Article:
Deep Belly Breathing 

September's meditation is especially useful for helping us to deal with stress. Deep belly breathing is the practice of helping our breath to become deeper, slower, more rhythmic, and more natural. As the breath is linked to our thoughts and emotions, deep belly breathing helps us stay calm and relaxed and better able to cope with life's demands.

Find a time and a quiet place where you can sit alone for fifteen minutes. Sit in a comfortable, upright, relaxed position, close your eyes and bring your attention inside. 

For a few moments, notice your breathing pattern as it is, and let your attention rest on your breathing without trying to change it. You might notice gradually that your breathing starts to slow down by itself. You might also notice where your body rises and falls with your breath – is it your belly or your chest that rises most? If your chest is rising most then this tells you that right now, your breathing is quite shallow. There is nothing harmful about shallow breathing, but if this is a pattern in our lives, we are more prone to feeling uptight, anxious or stressed. If your breathing is mainly from your belly, then you are probably already fairly relaxed – great! This exercise will help you to deepen this relaxation. 

Now gently rest your right hand on your chest, and your left hand on your belly. Bring you attention to your chest and keep your right hand as still as possible. Particularly if you are already chest breathing this will help to slow down your breath, and bring it deeper into your diaphragm, causing your belly to rise. Don’t worry if this seems difficult – just the intention to still your chest helps this to happen – and with regular practise it will become second nature.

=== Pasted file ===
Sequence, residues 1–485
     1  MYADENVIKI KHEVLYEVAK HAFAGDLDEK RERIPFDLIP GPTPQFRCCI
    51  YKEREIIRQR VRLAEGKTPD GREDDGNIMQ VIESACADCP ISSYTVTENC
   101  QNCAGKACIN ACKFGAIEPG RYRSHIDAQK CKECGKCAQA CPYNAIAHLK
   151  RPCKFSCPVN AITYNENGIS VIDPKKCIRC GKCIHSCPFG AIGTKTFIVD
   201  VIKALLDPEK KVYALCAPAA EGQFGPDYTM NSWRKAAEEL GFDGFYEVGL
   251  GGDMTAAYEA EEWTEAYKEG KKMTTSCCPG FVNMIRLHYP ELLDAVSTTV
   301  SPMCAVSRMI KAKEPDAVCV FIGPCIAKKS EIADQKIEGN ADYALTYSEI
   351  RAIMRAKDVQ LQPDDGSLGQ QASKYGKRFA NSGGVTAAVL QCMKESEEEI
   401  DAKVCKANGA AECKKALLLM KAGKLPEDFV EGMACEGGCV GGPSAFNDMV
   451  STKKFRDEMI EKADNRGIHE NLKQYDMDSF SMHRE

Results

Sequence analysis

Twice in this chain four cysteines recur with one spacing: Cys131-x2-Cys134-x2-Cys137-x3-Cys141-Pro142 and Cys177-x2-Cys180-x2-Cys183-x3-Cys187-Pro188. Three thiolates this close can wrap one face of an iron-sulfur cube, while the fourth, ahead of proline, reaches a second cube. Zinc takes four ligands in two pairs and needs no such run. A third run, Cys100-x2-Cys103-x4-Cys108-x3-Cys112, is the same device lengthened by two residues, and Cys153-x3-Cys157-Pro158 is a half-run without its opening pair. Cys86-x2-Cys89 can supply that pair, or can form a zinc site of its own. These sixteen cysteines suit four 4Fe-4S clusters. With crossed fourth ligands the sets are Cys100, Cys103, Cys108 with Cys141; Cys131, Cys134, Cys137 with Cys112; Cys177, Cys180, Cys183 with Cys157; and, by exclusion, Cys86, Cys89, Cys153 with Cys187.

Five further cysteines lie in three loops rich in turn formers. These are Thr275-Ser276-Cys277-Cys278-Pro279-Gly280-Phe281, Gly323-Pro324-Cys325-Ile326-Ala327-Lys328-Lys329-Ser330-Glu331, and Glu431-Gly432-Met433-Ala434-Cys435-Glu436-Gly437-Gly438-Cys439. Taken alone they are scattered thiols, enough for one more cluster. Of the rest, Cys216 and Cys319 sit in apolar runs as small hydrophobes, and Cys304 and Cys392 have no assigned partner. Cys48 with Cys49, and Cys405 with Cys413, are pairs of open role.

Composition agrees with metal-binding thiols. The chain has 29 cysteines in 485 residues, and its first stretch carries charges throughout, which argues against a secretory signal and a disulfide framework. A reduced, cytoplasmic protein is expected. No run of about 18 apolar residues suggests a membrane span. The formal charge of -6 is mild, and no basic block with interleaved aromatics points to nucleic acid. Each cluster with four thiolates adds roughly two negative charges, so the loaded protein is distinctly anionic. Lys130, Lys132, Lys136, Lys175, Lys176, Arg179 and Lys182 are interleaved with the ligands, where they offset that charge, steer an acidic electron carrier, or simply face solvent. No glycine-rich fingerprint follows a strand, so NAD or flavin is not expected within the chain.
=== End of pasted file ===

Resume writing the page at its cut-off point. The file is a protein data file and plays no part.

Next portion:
Keep on practising for a few minutes, and then bring your attention down to your belly and the hand resting there. For a few minutes just keep your attention on your belly without trying to do anything. Your chest should have become a little stiller, and you should notice your belly rising and falling. Gradually, while keeping some of your attention on your belly, also become aware of the flow of your breathing in and out. Feel the air as it passes through your nostrils, and imagine it flowing down like a ribbon all the way to your belly. Then as you breathe out feel the air pass through your nose, and imagine your whole body letting go and relaxing. 
Allow yourself to continue feeling your belly rise and fall, and your breath coming in and out, until the end of your fifteen minutes. You should become aware of a growing inner relaxation and centering as you continue doing the practice. Thoughts, feelings and different sensations will arise as you practise. This is perfectly normal, and you do not need to do anything to ‘get rid’ of these thoughts or feelings. Just allow yourself to notice them and then bring your awareness back to your breath. 

After fifteen minutes have finished, gently open your eyes and take some moments to sit quietly, take in your surroundings, and come back to the room. Notice how you are in your body, mind and emotions.
If you enjoyed this meditation you might enjoy our day Coping Effectively with Stress, using mindfulness meditation.